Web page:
As well as being a legal obligation, WHS compliance is essential for the well-being of employees and visitors. A healthy WHS management system will minimize the risk of workplace accidents and incidents. This guide provides an overview of the steps involved to get you up and running or to test your existing systems.
The first step in checking health and safety compliance is to assess the level of management commitment to health and safety. This includes:
- Reviewing the health and safety policies and procedures to ensure they are up-to-date and reflect the company’s day to day needs.
- Assessing the level of investment in health and safety training, equipment, and resources.
- Evaluating the level of employee involvement in health and safety, including safety meetings and health and safety committees.
The next step is to assess the risk of harm in the workplace and implement control measures to minimize the risk. This includes:
- Conducting a workplace audit to identify potential hazards and assess the risk of harm.
- Identifying control measures to minimize the risk of harm, including the use of personal protective equipment, training, and administrative controls.
- Implementing and monitoring control measures to ensure they are effective.
Consultation with workers is an essential step in ensuring health and safety compliance. This includes:
- Establishing regular safety meetings to provide employees with an opportunity to raise health and safety concerns.
- Encouraging employees to report incidents and near-misses, and conducting investigations to identify the root cause.
- Encouraging employee participation in health and safety committees and other initiatives.
Risk management is a key component of health and safety compliance. This includes:
- Assessing the risk of harm in the workplace and implementing control measures to minimize the risk.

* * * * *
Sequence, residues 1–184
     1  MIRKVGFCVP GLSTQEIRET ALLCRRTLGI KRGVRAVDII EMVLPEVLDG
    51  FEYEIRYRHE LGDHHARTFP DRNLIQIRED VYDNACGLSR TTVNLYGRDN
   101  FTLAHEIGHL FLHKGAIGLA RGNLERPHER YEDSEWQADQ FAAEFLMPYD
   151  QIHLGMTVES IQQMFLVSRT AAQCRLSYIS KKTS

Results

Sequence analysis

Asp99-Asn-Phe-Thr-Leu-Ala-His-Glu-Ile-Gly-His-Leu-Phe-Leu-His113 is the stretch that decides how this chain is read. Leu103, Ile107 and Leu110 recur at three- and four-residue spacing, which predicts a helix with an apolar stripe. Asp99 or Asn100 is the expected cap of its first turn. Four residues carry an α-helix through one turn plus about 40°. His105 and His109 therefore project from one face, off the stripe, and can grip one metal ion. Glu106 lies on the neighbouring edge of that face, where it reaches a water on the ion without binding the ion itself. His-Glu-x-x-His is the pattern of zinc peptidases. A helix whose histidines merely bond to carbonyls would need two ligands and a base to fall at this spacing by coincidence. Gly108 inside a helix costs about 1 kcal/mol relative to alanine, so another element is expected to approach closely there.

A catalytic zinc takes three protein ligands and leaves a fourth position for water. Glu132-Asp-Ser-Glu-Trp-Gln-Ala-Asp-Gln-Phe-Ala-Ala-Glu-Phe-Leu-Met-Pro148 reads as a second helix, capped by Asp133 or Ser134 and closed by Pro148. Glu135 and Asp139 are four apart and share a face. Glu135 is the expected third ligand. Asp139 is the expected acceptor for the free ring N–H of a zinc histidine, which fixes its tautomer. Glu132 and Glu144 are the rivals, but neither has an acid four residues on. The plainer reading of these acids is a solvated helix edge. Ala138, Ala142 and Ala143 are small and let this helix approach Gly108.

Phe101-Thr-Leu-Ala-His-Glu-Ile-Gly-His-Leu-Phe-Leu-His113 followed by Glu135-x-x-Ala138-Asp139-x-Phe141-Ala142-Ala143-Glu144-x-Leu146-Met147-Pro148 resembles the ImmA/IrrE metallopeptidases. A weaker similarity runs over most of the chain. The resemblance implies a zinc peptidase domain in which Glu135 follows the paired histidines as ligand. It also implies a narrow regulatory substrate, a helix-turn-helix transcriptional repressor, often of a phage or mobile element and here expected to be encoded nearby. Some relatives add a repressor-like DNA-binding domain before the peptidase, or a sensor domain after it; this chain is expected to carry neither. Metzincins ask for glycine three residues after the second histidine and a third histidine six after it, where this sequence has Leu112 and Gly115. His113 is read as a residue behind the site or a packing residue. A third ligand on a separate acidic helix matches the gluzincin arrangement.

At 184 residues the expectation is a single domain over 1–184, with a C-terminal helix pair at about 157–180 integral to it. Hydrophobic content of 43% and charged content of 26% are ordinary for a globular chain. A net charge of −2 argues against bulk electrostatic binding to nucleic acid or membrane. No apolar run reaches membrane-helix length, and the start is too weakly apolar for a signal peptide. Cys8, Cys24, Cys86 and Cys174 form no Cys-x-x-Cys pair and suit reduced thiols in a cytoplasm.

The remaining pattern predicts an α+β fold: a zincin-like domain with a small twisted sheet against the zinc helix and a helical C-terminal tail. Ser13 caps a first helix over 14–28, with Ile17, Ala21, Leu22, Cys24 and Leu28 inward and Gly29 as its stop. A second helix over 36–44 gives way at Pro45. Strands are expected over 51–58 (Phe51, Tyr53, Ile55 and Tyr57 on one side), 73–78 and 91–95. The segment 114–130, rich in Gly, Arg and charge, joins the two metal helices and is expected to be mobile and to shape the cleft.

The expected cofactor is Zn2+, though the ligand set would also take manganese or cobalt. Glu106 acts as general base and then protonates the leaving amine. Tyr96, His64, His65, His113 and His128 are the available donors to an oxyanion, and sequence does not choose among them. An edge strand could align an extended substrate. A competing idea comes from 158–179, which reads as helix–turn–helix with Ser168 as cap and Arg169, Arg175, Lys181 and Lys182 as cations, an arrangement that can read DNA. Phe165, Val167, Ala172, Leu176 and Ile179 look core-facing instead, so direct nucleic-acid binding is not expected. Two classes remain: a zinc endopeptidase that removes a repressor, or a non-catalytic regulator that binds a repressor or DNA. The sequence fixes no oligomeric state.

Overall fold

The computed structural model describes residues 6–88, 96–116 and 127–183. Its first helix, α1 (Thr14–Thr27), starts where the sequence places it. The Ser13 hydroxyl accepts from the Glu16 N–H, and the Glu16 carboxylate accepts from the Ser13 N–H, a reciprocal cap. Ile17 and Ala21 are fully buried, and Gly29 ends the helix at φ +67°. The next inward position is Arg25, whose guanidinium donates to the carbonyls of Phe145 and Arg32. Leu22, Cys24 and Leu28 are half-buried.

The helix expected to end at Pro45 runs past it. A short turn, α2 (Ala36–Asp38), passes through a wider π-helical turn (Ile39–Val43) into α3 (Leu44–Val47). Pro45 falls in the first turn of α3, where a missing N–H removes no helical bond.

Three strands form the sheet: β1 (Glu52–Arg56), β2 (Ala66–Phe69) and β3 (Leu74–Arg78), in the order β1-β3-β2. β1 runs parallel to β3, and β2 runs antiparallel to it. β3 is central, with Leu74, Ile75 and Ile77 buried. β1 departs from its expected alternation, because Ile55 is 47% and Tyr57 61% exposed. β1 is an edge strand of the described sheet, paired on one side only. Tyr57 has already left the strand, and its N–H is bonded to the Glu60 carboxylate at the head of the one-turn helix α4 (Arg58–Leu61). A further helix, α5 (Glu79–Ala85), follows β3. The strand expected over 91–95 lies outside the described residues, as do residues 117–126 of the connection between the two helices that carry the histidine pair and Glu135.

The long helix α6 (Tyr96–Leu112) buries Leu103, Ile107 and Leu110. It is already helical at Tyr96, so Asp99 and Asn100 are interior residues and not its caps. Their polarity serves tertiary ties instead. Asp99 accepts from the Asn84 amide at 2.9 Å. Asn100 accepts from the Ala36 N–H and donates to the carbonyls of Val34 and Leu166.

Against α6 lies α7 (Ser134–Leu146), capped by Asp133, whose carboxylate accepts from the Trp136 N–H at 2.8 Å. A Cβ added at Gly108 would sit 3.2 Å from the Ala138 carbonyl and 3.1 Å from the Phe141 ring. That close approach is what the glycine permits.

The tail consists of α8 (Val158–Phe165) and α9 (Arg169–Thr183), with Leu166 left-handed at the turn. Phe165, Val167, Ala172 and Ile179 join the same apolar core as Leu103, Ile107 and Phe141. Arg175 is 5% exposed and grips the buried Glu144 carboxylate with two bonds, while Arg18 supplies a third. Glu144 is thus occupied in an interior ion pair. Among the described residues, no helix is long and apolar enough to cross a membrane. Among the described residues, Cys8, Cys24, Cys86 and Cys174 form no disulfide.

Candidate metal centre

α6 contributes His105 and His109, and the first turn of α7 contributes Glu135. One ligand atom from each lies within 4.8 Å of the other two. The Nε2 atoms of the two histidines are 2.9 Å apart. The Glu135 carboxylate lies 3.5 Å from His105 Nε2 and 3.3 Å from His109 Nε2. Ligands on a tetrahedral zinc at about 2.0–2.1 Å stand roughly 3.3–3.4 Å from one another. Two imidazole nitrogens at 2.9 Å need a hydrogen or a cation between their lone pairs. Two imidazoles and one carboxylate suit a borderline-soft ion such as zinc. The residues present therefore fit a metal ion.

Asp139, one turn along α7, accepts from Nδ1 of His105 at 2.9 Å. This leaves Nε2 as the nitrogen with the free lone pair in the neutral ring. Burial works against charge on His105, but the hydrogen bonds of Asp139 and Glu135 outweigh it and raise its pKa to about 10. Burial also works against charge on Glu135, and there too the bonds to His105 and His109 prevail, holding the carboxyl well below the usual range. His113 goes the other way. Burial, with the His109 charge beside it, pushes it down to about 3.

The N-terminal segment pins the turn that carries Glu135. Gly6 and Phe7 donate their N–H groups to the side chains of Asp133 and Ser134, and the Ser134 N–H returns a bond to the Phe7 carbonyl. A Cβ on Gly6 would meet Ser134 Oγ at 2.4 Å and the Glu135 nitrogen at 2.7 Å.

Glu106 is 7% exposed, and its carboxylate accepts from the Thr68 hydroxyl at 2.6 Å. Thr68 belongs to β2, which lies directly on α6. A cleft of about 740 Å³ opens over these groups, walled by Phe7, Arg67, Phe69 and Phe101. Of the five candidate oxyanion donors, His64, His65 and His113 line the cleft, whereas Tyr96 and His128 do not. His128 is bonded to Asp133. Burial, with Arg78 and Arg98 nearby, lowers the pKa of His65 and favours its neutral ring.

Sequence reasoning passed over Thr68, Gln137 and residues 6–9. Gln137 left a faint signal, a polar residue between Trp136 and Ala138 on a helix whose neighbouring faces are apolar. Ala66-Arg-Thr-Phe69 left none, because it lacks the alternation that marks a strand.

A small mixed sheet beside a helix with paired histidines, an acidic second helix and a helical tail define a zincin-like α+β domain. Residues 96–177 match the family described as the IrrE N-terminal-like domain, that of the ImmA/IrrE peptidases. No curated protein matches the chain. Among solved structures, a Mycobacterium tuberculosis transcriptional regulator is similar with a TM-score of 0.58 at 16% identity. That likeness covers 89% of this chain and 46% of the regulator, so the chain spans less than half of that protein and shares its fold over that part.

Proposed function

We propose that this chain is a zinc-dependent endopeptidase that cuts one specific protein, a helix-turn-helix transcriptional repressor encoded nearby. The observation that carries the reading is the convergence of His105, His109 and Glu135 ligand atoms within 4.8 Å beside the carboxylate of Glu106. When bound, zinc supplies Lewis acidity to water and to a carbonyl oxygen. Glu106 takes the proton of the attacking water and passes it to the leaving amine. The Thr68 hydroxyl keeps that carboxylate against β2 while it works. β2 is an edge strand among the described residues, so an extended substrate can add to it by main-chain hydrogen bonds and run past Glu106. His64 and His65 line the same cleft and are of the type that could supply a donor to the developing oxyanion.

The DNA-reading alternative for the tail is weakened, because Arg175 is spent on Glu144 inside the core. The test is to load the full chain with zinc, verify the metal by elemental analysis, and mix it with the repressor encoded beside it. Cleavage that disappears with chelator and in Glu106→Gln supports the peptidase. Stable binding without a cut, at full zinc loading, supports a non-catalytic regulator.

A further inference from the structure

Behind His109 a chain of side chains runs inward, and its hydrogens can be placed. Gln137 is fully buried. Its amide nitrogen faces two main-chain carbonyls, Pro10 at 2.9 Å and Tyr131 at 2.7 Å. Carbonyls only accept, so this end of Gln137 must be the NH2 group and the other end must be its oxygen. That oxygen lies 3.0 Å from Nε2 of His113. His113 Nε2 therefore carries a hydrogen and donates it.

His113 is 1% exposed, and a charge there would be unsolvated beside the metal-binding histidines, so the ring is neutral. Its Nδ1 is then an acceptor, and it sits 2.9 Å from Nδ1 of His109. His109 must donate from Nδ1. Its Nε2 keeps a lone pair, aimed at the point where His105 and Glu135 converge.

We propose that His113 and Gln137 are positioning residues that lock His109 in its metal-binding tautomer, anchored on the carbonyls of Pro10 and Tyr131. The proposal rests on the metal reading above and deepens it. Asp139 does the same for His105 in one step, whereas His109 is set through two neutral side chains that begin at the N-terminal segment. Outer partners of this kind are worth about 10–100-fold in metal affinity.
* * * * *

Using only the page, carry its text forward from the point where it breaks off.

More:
- Monitoring control measures to ensure they are effective and making changes as necessary.
- Reviewing the risk assessment process on a regular basis to ensure it remains relevant and up-to-date.
Record keeping and reporting are an important part of a healthy WHS management system. You need to collect and analyse real safety data from your workplace. This includes:
- Reporting incidents and near-misses to the appropriate authorities, including WorkSafe.
- Keeping accurate records of incidents and near-misses, including the cause, location, and outcome.
- Reviewing incident and near-miss reports to identify trends and areas for improvement.
All events should be reported internally. To ensure this happens, workers should be helped to understand that reporting isn’t just a part of the blame game, but that it’s a genuine process to help improve outcomes and make the workplace safer and healthier. Employees will be more likely to report concerns or incidents if they trust the process.
Some incidents need to be reported to your local WHS authority. They will fall into one of three categories:
- The death of a person
- A serious injury or illness of a person
- A dangerous incident
Points 2 and 3 have specific meanings that we will look at in future posts. If you are not sure, search your local WHS authority’s website for “reportable incidents”, to find out what they mean in your jurisdiction.
Workers’ compensation is an important aspect of health and safety compliance. This includes:
- Ensuring workers have access to workers’ compensation in the event of an injury or illness.
- Providing workers with information about their rights and obligations under workers’ compensation legislation.
- Reporting incidents to the relevant workers’ compensation authority in a timely manner.
- Having appropriate processes in place to assist a recovering worker to return to work as soon as possible.
Worker capability is a key component of health and safety compliance. This includes:
- Providing workers with appropriate training and resources to perform their tasks safely.
- Assessing worker competence and providing additional training as necessary.
- Monitoring worker performance to ensure they are following safe work practices.
In conclusion, checking health and safety compliance in a small business is an essential step in ensuring the well-being of employees and visitors and minimizing the risk of workplace accidents and incidents.
The process should include an assessment of management’s commitment to safety, a robust process to indentify, assess and manage risk, clearly identified consultation arrangements, accurate data collection and reporting, as well as workers’ compensation and rehabilitation.
By following these steps and providing your workers with the tools and training they need to be safe, you will ensure your workplace is on a path to compliance and keeps everyone as safe as possible.